The last two concepts, are further iterations of the second design, yet they use either grey or black as the main primary to allow color to be used for meaning and callouts in future branding, rather than having it as the main (and a bit overwhelming) primary/ background coloring.
About a year ago, I created a logo for my friend's photography business. Lydia Yekalam wanted a unique mark that represented the style of her photos, yet simplistic enough to not distract from their beauty. Her original mark, which is featured in my portfolio, is structured and iconic. I used her initials (LY), to make up the shape of a camera, which gives her business a subtle personality within a sharp identity.
Recently, Lydia came to me in need of a mark to pair with this one; something a little more versatile for her blog. She wanted a more hand-written, textural look that could identify with her writing style. When I begun researching and curating a mood board, I was looking at everything from modernist blogs, to textile designer and illustrator portfolios. I started playing with watercolor, cursive handwriting, and san-serif typefaces. These elements worked best, especially when tying into her photo style. I came to her with the following designs:
The final touch included adding "Third Space Blog" under her name, which was where I was able to pull in the typeface from her original mark, so that the two were different, but consistent. I am so excited for Lydia's success in her photography business, and for her to begin blogging about her new creative findings.
PS. If you want to see her photos of me, click here ;)
For designers, ideas for new personal projects always seem to exist, and if we’re lucky (and have the time), some of these ideas can become truly great. Yet, too often these concepts are never completely carried out as we get too busy or burned out in our daily or professional lives to act on our own inspirations.
Stefan Sagmeister – one of the most successful, innovative and talented graphic designers of our time – figured out how to make the pursuit of personal creative passions a reality.
Recently, I was lucky enough to visit “The Happy Show,” Sagmeister’s North American touring exhibit (and soon-to-be movie) about happiness at the Museum of Vancouver (MOV) in Vancouver, B.C. In the exhibit, Sagmeister explains how and why he takes a year-long sabbatical once every seven years to travel the world and enrich himself with fresh ideas and creative inspirations that he can implement into new design explorations.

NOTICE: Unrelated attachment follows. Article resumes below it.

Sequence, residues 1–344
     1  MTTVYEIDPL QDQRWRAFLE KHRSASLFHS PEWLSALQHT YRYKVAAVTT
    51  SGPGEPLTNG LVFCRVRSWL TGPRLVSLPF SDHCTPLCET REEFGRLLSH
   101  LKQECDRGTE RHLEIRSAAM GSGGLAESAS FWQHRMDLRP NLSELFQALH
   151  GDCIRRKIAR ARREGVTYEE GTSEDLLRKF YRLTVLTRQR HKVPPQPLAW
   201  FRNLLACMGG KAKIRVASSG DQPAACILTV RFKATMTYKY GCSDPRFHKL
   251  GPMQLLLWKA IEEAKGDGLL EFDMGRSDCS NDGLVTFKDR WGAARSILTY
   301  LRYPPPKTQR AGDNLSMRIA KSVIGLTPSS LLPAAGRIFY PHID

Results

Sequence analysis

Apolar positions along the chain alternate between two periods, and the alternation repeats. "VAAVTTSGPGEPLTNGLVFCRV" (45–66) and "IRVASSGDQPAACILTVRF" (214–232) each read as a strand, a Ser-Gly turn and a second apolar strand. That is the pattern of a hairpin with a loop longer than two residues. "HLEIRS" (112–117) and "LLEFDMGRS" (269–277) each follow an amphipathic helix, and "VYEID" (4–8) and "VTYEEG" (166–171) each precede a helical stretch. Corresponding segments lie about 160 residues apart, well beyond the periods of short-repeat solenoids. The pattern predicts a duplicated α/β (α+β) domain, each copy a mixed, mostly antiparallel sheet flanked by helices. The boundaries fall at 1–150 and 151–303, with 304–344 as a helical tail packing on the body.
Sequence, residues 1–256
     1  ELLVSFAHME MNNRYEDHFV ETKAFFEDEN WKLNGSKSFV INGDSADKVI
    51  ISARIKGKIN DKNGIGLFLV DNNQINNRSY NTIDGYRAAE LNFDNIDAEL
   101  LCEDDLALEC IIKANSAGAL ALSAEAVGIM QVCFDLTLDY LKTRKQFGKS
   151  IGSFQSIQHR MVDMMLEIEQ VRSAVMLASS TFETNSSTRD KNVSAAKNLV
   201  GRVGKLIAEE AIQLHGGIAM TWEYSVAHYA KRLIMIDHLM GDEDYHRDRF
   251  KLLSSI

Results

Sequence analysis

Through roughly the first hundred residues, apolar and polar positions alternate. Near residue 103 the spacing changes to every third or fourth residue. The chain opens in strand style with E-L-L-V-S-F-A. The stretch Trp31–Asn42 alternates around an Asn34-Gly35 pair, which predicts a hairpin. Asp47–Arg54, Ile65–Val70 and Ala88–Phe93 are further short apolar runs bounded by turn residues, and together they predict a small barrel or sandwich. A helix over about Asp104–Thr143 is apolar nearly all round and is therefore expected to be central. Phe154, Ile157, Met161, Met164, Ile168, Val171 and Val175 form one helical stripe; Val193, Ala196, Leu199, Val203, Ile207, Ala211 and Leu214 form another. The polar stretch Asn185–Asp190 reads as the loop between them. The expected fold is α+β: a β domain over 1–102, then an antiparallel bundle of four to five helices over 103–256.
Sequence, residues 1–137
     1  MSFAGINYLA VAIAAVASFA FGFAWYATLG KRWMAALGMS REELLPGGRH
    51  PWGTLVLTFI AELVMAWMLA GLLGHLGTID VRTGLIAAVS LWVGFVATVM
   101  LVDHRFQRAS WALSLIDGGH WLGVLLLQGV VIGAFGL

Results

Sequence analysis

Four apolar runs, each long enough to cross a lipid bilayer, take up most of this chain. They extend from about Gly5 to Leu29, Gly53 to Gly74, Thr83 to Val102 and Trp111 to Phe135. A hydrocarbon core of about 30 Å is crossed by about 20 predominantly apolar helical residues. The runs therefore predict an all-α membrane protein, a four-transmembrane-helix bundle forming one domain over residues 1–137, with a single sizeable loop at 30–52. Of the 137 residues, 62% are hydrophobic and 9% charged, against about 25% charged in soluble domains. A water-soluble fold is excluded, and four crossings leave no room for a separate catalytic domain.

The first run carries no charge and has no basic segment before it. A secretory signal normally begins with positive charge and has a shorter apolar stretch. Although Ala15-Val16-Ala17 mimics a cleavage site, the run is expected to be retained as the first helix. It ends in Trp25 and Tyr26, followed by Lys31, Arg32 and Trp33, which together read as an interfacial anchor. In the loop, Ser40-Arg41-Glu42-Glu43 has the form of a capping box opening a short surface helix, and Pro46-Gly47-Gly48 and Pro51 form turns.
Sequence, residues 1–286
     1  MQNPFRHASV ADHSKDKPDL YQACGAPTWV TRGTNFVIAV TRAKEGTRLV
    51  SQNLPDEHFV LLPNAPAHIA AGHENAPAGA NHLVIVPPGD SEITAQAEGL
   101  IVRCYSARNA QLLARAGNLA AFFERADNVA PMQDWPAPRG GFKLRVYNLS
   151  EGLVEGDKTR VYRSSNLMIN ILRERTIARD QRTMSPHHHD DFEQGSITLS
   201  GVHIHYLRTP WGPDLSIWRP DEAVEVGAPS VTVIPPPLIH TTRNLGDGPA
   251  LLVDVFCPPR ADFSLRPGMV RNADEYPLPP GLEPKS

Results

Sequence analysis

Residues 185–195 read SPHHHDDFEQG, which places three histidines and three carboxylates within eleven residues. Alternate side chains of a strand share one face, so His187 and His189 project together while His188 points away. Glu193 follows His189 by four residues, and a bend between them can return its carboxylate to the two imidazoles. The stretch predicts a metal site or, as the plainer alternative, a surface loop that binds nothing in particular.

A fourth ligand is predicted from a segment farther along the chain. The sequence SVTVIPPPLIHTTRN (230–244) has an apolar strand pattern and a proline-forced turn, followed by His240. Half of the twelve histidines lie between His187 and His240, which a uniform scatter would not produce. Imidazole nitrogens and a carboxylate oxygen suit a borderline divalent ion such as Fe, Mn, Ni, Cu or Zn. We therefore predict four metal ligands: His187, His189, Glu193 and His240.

While he initially spent these sabbaticals making furniture for his studio, he soon realized that he needed to discover something more if he was going to justify taking a full year off from work. So Sagmeister became set on discovering something much bigger: training the mind to be happy.
Sagmeister began his research by traveling, making art and talking to locals. Throughout this entire experience, he took detailed notes to capture his observations about what made people happy — creating an extended research project that came to fruition with “The Happy Show.”
When I entered the exhibit at MOV, I was immediately drawn to a window covered in sticky notes, where visitors had written what makes them happy. To the right of this window, there was an area displaying objects that represented good things, reminders and memories. The first room also featured 10 giant gumball machines. On a scale of 1-10, participants could take one piece from a machine they felt matched their happiness level, creating an interactive bar chart. Other walls of the room featured a collection of infographics with information and statistics about what makes people happiest in their relationships, jobs and cultures.
Sagmeister’s speeches played on screens throughout the exhibit, along with his incredible “real life” plays with typography that explored powerful words, sentences and phrases in different mediums.
My favorite room, by far, was the largest motion piece room. Three of its four walls were projected with growing and morphing typography pieces and other motion/video projects that Sagmeister created during his explorations.
The fourth (and most impressive) wall was a giant neon sign that was illuminated by participants riding a stationary bike. The sign cycled through four parts, spelling out, “Actually doing the things … I set out to do increases … my overall level of satisfaction … Seek discomfort.”